Friday, April 16, 2010
In 1963 a young slugger burst onto the scene in Detroit. In his first major league at bat, he hit a pinch hit home run off of Boston's Bob Hoffner.
Gates was one of Detroit's first home grown black stars, working his way through the minor league system as an outfielder. He had an impressing minor league resume, winning a batting title while at Durham of the Carolina league in 1961. After making an impression with his perfomance in 1963, he would make the parent club out of spring training in 64, and took over the full time left field job in May of that year. A good hitter, he hit 15 home runs in 123 games and batted over .300 as late as July 30.
In 65 he was expected to be a regular int he outfield, as his competition in spring training for the three spots were Willie Horton (a home grown sandlot star from Detroit), who had a total of 40 games of major league experience. Al Kaline, the established superstar. Dom Demeter, a veteran acquired in 64 in the Jim Bunning trade. Demeter had a string of 228 consecutive error less games as an outfielder (he committed two errors as a first basemen) going into 65. Purn Goldy, a 27 year old minor leaguer with a lifetime .231 bating average in 29 career games. Jim Northrup and Mickey Stanley, two young outfielders who appeared in 4 and 5 games respectively with Detroit in 64. George Thomas was the the final main outfielder.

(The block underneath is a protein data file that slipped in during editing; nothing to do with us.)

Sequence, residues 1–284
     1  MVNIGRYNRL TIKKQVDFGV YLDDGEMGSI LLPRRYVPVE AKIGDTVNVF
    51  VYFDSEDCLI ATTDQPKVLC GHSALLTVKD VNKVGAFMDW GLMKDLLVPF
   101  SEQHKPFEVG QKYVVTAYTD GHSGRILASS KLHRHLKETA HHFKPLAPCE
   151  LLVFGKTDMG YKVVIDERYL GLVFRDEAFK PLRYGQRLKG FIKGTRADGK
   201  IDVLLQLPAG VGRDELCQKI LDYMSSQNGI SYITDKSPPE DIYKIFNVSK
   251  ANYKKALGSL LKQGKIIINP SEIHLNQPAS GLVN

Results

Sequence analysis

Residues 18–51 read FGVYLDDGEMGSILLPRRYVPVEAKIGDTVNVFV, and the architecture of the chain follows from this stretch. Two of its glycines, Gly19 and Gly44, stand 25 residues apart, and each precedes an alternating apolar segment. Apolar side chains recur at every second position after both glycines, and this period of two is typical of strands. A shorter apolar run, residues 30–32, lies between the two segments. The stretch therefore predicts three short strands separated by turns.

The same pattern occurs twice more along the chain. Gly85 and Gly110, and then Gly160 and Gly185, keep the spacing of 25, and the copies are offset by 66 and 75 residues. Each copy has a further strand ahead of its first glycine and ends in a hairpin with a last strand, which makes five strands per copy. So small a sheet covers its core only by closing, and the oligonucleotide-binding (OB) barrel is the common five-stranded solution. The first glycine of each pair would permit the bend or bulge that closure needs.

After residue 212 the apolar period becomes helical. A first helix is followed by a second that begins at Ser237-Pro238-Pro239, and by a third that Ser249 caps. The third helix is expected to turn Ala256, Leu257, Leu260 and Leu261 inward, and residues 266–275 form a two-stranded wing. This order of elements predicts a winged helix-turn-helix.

What would happen to "Gator" in 65? He would become the main pinch hitter off of the bench, batting .265 in 37 appearances (he played in a total of 96 games). Pinch hitting would become a role that Gates would know well later in his career.
I never got to see him play as he retried before I started watching baseball. I only remember him as the hitting coach for the 84 World Champions.